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Prehistoric rock art hides a cosmological puzzle

Last Updated: Thursday, June 20, 2013 - 18:36

Washington: Pieces of rock art that dot the Appalachian Mountains in the US were strategically placed to reveal a cosmological puzzle suggesting a conceptual universe, a new study claims.

Recently, the discoveries of prehistoric rock art have become more common. With these discoveries comes a single giant one - all these drawing and engravings map the prehistoric peoples` cosmological world.

Researchers led by University of Tennessee, Knoxville, anthropology professor Jan Simek proposed that rock art changed the natural landscape to reflect a three-dimensional universe central to the religion of the prehistoric Mississippian period.

"Our findings provide a window into what Native American societies were like beginning more than 6,000 years ago," said Simek.

"They tell us that the prehistoric peoples in the Cumberland Plateau, a section of the Appalachian Mountains, used the rather distinctive upland environment to map their conceptual universe onto the natural world in which they lived," said Simek.

Simek and his team analysed 44 open-air art sites where the art is exposed to light and 50 cave art sites in the Cumberland Plateau using nondestructive, high-tech tools, such as a high-resolution laser scanner.

Through analysis of the depictions, colours, and spatial organisation, they found that the sites mimic the Southeastern native people`s cosmological principles.

"The cosmological divisions of the universe were mapped onto the physical landscape using the relief of the Cumberland Plateau as a topographic canvas," said Simek.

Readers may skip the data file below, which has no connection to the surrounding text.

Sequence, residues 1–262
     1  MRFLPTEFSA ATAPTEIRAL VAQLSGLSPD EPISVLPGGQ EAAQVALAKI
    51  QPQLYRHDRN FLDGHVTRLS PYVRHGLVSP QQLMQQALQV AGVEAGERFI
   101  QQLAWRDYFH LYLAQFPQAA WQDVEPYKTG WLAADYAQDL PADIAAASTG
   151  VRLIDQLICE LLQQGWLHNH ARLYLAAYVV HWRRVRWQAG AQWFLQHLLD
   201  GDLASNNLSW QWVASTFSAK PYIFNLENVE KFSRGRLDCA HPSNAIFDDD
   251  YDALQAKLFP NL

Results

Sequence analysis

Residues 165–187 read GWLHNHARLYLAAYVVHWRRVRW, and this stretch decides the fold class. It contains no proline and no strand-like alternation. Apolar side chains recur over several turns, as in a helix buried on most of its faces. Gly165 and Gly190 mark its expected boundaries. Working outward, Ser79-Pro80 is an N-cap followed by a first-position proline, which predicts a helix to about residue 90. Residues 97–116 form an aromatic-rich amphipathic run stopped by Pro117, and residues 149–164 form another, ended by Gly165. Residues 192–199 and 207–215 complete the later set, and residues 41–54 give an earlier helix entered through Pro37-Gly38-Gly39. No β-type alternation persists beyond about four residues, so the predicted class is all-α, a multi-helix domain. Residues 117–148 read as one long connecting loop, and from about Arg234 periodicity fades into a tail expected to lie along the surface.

The "upper world" included celestial bodies and weather forces personified in mythic characters that exerted influences on the human situation.

Mostly open-air art sites located in high elevations touched by the Sun and stars feature these images. Many of the images are drawn in the colour red, which was associated with life.

The "middle world" represented the natural world. A mixture of open air and cave art sites hug the middle of the plateau and feature images of people, plants and animals of mostly secular character.

The "lower world" was characterised by darkness and danger, and was associated with death, transformation and renewal. The art sites, predominantly found in caves, feature otherworldly characters, supernatural serpents and dogs that accompanied dead humans on the path of souls.

The inclusion of creatures such as birds and fish that could cross the three layers represents the belief that the boundaries were permeable. Many of these images are depicted in the colour black, which was associated with death.

The study was published in the journal Antiquity.


First Published: Thursday, June 20, 2013 - 18:36
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